You can choose between a Big Mac or 10-piece Chicken McNuggets. It will also come with fries and a drink.
Now about those toys. The boxes will pack in one of four figurines. Three of the four appear to be artsy takes on the classic McDonald’s characters Grimace, Hamburglar and Birdie the Early Bird, while the fourth is a little yellow guy sporting a McDonald’s shirt called Cactus Buddy.
In other McD news, Halloween buckets could be returning to the chain this fall. So leave some room in your stomach for a return trip.
Why companies like iHeartMedia, NBCU rely on homegrown IP to build metaverse engagements
To avoid potential blowback from a skeptical audience, retailers as well as media and entertainment companies are learning to invest in their homegrown intellectual properties while building virtual brand activations inside Roblox or Fortnite.
Take, for instance, when they get it wrong.
Earlier this week, Walmart launched its own Roblox world — called Walmart Land — and was roundly mocked for it across social media given the announcement’s disjointed brand message and apparent lack of life. In one viral tweet, a Twitter user described a clip of Walmart CMO William White introducing the Roblox space as “one of the saddest videos ever created.”
To some extent, this sort of criticism is to be expected during the early days of the metaverse.
“Walmart is an iconic brand; when you see them coming into a platform like Roblox, people are going to be 10 times more critical of what is being launched,” said Yonatan Raz-Fridman, CEO of the Roblox developer studio Supersocial.
But Walmart’s size is not its only disadvantage as it dips its toes into Roblox. Although Walmart has a widely recognizable brand, it owns few intellectual properties that users are actually interested in experiencing virtually — a shortcoming reflected by the somewhat cavernous emptiness of Roblox’s Walmart Land.
The success of other recent brand activations is evidence that media and entertainment brands are better equipped to build metaverse spaces that can dodge online skepticism, thanks to their wealth of owned IP.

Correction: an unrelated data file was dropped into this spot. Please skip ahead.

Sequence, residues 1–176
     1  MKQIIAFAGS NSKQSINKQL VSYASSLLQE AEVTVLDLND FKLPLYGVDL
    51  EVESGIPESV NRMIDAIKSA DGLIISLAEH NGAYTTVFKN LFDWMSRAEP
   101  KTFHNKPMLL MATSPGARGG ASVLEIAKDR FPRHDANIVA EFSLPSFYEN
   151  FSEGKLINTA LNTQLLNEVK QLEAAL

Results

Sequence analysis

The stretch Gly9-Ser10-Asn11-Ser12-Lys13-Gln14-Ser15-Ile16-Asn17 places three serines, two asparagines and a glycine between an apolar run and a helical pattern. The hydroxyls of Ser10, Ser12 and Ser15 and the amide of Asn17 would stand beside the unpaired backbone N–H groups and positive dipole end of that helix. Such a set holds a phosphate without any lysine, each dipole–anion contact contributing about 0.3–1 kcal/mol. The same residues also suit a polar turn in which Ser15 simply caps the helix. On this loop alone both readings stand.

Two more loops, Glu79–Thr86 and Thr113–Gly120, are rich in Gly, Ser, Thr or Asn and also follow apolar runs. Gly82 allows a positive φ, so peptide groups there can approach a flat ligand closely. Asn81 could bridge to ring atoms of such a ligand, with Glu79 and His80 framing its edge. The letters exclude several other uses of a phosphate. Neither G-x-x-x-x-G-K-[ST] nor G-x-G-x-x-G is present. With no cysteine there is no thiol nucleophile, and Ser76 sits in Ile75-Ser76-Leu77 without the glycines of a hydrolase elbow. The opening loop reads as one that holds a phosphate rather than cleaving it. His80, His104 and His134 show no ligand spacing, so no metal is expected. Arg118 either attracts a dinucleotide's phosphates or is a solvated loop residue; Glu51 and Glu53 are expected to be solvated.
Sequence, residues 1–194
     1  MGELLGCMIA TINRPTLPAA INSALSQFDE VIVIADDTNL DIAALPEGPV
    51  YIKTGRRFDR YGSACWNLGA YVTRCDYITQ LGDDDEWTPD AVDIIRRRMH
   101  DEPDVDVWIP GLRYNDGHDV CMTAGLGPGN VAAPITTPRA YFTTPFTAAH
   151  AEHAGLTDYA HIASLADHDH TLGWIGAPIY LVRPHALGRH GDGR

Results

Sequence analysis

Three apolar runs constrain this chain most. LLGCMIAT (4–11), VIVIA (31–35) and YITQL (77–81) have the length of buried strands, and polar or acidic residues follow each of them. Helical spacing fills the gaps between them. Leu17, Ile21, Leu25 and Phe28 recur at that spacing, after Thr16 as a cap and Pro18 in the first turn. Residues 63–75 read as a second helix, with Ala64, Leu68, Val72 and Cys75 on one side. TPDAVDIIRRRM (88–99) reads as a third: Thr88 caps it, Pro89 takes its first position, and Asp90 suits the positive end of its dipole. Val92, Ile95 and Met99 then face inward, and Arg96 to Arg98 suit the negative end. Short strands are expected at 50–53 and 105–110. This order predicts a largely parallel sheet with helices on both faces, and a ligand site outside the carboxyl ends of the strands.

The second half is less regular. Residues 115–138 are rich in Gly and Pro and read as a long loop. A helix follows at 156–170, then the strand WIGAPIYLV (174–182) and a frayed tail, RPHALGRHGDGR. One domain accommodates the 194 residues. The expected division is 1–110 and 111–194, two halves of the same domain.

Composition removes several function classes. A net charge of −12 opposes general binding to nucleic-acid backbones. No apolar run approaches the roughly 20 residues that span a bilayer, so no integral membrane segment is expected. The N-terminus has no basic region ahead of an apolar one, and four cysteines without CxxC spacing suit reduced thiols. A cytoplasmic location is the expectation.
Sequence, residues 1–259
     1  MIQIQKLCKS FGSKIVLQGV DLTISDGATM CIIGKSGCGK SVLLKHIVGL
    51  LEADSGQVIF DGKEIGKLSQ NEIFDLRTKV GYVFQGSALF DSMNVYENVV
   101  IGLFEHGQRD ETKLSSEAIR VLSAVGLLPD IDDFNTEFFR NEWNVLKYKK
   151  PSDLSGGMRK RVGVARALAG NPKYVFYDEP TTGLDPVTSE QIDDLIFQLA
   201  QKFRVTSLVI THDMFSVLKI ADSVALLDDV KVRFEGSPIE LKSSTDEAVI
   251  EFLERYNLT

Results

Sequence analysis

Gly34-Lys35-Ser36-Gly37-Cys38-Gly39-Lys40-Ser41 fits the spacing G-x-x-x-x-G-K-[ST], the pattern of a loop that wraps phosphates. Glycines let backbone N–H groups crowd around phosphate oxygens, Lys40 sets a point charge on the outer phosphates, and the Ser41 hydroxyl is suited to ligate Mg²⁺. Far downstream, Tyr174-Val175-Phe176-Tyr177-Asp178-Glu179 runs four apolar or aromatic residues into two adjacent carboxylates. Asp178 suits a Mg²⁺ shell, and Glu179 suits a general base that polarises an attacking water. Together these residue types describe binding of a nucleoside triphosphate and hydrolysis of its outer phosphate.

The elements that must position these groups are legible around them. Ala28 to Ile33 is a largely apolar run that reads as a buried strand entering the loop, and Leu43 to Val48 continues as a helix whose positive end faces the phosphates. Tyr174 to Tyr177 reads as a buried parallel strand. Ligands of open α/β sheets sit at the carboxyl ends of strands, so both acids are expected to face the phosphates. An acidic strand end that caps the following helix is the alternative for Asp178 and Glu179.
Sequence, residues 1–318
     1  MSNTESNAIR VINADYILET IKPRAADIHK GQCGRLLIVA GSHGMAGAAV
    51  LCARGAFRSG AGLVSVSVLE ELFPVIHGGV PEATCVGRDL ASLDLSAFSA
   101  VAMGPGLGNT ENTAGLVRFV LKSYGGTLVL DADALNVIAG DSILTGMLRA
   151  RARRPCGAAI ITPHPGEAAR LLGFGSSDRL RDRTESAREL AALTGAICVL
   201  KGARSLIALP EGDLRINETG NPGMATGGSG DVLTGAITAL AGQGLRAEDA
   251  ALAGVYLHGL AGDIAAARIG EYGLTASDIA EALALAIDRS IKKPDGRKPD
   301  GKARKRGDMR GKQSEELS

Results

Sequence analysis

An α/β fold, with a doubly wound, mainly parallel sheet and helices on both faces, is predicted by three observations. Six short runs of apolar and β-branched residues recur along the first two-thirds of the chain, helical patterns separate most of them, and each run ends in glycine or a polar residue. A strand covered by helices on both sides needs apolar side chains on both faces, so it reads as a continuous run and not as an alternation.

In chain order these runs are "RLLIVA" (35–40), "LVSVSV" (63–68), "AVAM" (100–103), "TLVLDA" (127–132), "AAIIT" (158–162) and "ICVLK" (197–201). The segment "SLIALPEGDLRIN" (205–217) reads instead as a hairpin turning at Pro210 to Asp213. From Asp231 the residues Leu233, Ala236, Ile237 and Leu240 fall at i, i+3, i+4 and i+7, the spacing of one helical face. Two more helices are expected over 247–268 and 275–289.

“They are having to reinvent themselves, to a certain degree, but that is in their DNA,” said Jesse Streb, global svp of technology and engineering at the agency DEPT. “So they have a unique advantage over, say, some kludgy company that sells lumber, or a construction company.”
For example, iHeartMedia’s Roblox and Fortnite spaces were inspired by the mass media corporation’s wealth of popular real-life events, such as the Jingle Ball Tour and iHeartRadio Music Festival, with virtual versions of musicians like Charlie Puth performing pre-recorded concerts that allow real-time audience interaction.
“There’s a strong brand association with the IP, down to a station level — you’re in the New York area, you probably know Z100,” said iHeartMedia evp of business development and partnerships Jess Jerrick. “The same is true for the event IP, or the IP that we now have in the podcasting space, and of course our radio broadcast talent. So there’s no shortage of really strong IP we can bring into these spaces.”
Translating real-life properties into the metaverse is also an enticing prospect for brands that view metaverse platforms as an experimental marketing channel, allowing them to bring tried-and-true IP into their virtual activations instead of designing them from the ground level. This was part of the strategy behind the recent Tonight Show activation in Fortnite Creative, which was designed in collaboration between NBCUniversal and Samsung. “We’re looking at it holistically — how do we find fans in new ways, and use IP that fans love in new ways?” said NBCU president of advertising and client partnerships Mark Markshall.
Since opening on Sept. 14, iHeartLand has already enticed over 1.5 million Roblox users to visit. The company aims to retain that attention with a schedule of virtual programming featuring popular musicians and personalities.
“At our core, we are essentially an influencer network; our broadcast talent are some of the most connected, most engaging influencers at work in media today,” said Conal Byrne, CEO of iHeart Digital Audio Group. “That gives us this sort of superpower, to be able to go into new-ish platforms, like Roblox or Fortnite, because we talk to our listeners through those influencers.”